Anger management is a process of learning to recognize signs that you're becoming angry, and taking action to calm down and deal with the situation in a positive way. Anger management doesn't try to keep you from feeling anger or encourage you to hold it in. Anger is a normal, healthy emotion when you know how to express it appropriately. Anger management is about learning how to do this.
You may learn anger management skills on your own, using books or other resources. But for many people, taking an anger management class or seeing a mental health counselor is the most effective approach
Anger management helps you recognize frustrations early and resolve them in a way that allows you to express your needs — and keeps you calm and in control.
Some signs you need help controlling your anger include:
- Often feeling that you have to hold in your anger
- Frequent arguments with your partner, children or co-workers that escalate frustrations
- Trouble with the law
- Physical violence, such as hitting your partner or children or starting fights
- Threats of violence against people or property
- Out-of-control behavior, such as breaking things or driving recklessly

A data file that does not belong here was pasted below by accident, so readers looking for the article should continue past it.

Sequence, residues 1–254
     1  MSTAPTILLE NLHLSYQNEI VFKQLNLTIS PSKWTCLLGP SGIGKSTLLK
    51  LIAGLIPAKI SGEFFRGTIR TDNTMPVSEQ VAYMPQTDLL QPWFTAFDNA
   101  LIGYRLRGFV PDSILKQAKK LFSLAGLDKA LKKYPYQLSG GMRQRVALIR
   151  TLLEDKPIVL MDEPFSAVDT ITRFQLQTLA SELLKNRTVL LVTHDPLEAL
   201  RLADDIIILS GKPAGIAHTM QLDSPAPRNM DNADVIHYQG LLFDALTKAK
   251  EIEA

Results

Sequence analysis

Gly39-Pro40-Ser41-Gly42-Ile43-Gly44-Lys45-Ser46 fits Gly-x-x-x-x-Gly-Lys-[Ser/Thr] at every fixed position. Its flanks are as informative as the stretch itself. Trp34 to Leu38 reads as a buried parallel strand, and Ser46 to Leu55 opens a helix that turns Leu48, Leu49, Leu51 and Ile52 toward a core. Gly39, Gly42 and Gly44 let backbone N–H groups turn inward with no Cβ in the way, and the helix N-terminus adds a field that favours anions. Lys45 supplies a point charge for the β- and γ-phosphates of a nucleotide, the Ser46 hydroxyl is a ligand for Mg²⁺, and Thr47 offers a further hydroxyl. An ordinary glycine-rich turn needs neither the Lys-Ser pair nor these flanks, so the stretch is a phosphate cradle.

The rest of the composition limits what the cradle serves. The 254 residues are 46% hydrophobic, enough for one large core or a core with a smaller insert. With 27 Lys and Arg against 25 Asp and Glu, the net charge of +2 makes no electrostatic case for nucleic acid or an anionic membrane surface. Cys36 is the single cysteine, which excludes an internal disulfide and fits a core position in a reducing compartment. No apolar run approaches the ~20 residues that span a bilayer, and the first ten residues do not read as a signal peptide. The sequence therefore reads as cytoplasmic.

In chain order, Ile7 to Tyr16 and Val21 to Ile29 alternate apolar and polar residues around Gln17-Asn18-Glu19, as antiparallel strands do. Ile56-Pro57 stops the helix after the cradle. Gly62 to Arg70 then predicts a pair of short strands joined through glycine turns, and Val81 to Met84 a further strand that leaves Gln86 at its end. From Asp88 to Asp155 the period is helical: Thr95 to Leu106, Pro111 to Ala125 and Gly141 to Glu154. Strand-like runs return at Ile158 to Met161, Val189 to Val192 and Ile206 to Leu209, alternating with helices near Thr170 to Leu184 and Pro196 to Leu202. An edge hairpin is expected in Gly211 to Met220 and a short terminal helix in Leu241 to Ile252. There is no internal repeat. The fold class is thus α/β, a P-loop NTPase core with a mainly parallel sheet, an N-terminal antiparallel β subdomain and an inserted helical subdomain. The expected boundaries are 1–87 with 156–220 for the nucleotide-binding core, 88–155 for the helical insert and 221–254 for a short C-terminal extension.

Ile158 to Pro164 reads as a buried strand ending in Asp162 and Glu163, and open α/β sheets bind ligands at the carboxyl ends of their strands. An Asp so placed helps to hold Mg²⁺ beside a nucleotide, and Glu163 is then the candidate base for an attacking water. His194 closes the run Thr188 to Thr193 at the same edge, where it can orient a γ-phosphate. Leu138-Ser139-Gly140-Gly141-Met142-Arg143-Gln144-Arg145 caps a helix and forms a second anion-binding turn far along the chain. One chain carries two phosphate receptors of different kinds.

A number of books and websites offer information about ways to manage anger. But, if learning skills on your own isn't enough to help you stay calm and in control, you may benefit from seeing a mental health professional or by taking an anger management class.
It can take a little work to find an anger management program, a counselor specializing in anger management, or other resources. Here are some places to start your search:
- Check your local library for books, videos or other resources.
- Search online for resources, such as blogs, support groups or books.
- Ask your primary care doctor for a referral to a program or counselor.
- Ask someone who completed an anger management program or took other steps to manage anger.
- Check with your health insurance company, employee assistance program (EAP) or church.
- Ask state or local agencies for recommendations.
- Check with your district court.